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In this video lecture, we want to return to the topic of combining velocities.

Adding or subtracting velocities you may remember, hopefully.

In week two, we did this from the perspective of sort of common sense and

also the Galilean transformation.

The essential idea there was that velocities add.

In other words, if you have, we did an example of say, Bob and his spaceship.

He had an escape pod.

If he sets off the escape pod such that it moves away from him with velocity, here

we're calling it uR for the Rocket frame and we'll get back to that in a minute.

But with some velocity u and

then if he's moving with velocity v with respect to Alice.

So again, the escape pod is moving with respect to him with velocity u,

then he's moving with respect to Alice velocity v.

As far as Alice is concerned, the velocity of the escape pod that she

sees in her frame of reference is v plus u and we had other examples of course.

If you're throwing a ball or something, you can throw it with a certain velocity

and then you get in a car or bicycle or something and you're moving in

a certain direction with an additional velocity and then you throw the ball say.

Again, the velocities add.

Or if it's a car and it's going one direction and you throw it the other

direction, then the velocities subtract and so on and so forth.

Just very simply.

The velocity is either add or subtract.

Now, we want to analyze that in terms of Einstein's theory of relativity and

before we get in to those details.

Let's remind ourselves about Lorentz transformation.

So I've written the two basic equations here where the R's stand for,

in this case, the Rocket frames.

That's what we're going to call it this time.

We could call it Bob's frame, of course.

But we'll say,

it's the Rocket frame moving with some velocity v to the right compared to Alice.

And we'll say, she's in the Lab frame.

Thus, the Ls here.

So for a given event with x and t coordinates,

a space coordinate x and a time coordinate t.

Some place along the x-axis here in terms as Bob,

essentially looks at that event in his coordinates,

then we can get Alice's coordinates of that event using Lorentz transformation.

So, want to do one quick note here,

we've got a little bit of algebra as I'm sure you have seen.

Your attention may be drawn over here.

So let's just take a look at this, because this is going to

be helpful in a minute when we look at our situation of combining velocities.

In other words, we're going to do the escape pod example again, but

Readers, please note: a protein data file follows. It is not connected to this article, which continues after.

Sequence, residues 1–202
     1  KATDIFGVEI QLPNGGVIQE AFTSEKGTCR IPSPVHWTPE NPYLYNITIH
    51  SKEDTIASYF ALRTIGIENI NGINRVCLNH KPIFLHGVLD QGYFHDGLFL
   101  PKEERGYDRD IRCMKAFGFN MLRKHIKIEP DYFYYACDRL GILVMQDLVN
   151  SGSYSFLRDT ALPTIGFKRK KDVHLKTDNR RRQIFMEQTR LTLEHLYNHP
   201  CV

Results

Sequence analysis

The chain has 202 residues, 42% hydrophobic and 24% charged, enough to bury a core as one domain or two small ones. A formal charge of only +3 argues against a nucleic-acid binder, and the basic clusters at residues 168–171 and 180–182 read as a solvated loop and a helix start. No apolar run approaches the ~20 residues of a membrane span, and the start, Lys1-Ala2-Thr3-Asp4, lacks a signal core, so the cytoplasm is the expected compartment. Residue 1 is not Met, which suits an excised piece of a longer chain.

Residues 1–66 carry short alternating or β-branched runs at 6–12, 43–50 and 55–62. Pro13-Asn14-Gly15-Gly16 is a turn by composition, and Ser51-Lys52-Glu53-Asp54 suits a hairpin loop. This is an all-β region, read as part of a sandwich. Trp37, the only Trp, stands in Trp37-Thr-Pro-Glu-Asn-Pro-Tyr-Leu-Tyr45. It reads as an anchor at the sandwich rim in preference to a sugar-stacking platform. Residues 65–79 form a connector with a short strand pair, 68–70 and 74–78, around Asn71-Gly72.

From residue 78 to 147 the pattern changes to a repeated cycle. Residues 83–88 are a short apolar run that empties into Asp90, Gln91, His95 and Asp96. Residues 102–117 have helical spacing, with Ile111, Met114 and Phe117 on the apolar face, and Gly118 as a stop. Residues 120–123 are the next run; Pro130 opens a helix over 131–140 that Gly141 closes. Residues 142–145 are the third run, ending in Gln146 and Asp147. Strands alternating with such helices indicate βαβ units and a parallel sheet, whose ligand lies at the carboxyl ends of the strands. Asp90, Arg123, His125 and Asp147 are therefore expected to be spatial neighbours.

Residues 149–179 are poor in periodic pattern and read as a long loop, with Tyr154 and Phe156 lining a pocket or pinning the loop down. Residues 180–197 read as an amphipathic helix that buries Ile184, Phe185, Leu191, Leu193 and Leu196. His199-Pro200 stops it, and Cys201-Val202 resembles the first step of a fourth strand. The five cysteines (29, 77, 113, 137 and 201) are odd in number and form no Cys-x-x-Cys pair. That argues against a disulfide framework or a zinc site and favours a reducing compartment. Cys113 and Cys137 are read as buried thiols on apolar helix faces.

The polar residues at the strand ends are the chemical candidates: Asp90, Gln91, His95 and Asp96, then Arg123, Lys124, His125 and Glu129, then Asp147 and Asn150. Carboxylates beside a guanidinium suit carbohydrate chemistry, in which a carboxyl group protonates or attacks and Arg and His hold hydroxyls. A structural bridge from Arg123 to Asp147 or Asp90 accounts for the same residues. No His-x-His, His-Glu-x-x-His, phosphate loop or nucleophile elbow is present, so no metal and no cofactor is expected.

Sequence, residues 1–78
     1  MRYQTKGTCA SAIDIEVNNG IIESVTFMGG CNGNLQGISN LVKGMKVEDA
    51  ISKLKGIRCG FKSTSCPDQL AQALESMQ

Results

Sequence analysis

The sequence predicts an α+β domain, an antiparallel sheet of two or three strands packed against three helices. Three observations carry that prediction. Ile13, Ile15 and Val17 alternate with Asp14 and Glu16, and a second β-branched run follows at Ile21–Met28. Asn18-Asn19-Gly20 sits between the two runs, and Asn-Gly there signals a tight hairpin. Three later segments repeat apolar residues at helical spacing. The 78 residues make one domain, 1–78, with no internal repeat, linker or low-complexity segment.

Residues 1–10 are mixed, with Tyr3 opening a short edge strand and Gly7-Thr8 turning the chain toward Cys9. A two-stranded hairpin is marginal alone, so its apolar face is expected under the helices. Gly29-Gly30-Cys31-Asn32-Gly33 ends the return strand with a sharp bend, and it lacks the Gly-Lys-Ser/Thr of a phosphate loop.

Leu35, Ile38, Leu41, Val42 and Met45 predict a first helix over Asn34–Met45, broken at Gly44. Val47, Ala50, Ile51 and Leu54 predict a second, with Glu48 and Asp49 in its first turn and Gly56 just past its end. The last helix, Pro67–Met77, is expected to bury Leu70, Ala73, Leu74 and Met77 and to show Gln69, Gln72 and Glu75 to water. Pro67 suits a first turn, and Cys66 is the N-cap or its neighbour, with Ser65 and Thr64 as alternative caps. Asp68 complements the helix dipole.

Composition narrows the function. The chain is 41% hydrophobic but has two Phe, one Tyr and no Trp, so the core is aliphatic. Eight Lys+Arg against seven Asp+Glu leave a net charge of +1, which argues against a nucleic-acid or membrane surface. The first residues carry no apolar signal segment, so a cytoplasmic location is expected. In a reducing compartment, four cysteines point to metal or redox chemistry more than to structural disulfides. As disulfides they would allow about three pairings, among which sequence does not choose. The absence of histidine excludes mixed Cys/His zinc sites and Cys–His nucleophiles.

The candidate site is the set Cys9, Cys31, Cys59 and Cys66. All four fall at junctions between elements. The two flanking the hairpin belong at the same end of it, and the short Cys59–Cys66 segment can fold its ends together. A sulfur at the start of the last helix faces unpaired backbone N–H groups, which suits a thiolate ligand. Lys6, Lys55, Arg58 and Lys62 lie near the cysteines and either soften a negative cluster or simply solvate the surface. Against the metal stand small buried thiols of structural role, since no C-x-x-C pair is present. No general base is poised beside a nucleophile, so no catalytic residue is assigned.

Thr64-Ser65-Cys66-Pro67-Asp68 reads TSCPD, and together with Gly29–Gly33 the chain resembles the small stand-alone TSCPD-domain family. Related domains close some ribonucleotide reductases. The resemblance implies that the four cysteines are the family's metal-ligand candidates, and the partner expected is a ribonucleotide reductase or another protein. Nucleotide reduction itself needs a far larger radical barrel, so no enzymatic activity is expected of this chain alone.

this time from a relativistic perspective.

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So, that's in Alice's frame.

She just says, okay, this happens at position x2 and

then something else happens in x1 or

just the difference between two positions is x2 over here minus x1.

And so, that gives you the distance between x2 and x1 in the Lab frame.

Using Lorentz transformation equations, we can for (x2)L,

we can plugin this with the 2s here.

So we've got gamma (x2)R plus v times (t2)R.

In other words, in the Rocket frame there.

So, that's for the (x2)L.

We just took equation there.

Put that in for (x2)L and then suddenly, for minus (x1)L.

We plugged in the same equation, we're not doing the t equation.

We're just working with the x equation and plug that in over here with the x1 and t1.

And then we just multiply it through by gamma,

here's what gamma times this gives us this.

And then we know over here, we have minus gamma times (x1)R.

So we brought that over here, just to sort of get the x's together.

And then over here, we have gamma v2 sub R, the Rocket frame.

And then over here, minus gamma v(t1)R.

So, we put the time coordinates together there and

then just simplifying some algebra here with just said for these two terms here.

Let us just bring got a gamma in both of them.

So we'll just bring the gamma over here and

call it gamma times (x2)R minus (x1) R.

And, similarly, I've got a gamma there.

Actually, a gamma v here and a gamma v here.

So pull those both out and you're left with (t2) R minus (t1)R.

And then I note well, that's our delta notation that we've used before.

In other words, if I've got here, (x2)L-(x1)L, we'll call that delta xL.

The change in xL in the Lab frame.

And here I've got the same thing, but it's delta xR,

the change of x in the Rocket frame.

This is the x2 coordinate in the Rocket frame minus the the x1 coordinate in

the Rocket frame.

And then in this term, I've got the same or similar thing, but for time.

T2 in the Rocket frame minus t1 in the Rocket frame.

So that's just delta tR, the difference in time between t1 and

t2 in the Rocket frame.

Again, one and two representing two different events that we can specify

in Rocket coordinates, ball's coordinates or in Alice's Lab coordinates and

then we just clean it up a little bit more.

We've got a gamma here and a gamma here, so bring that gamma out.

I can see if you caught that, a slight mistake here.

We don't want a gamma in here.

We've got too many gammas in there.

So as we pull this gamma out and this gamma out and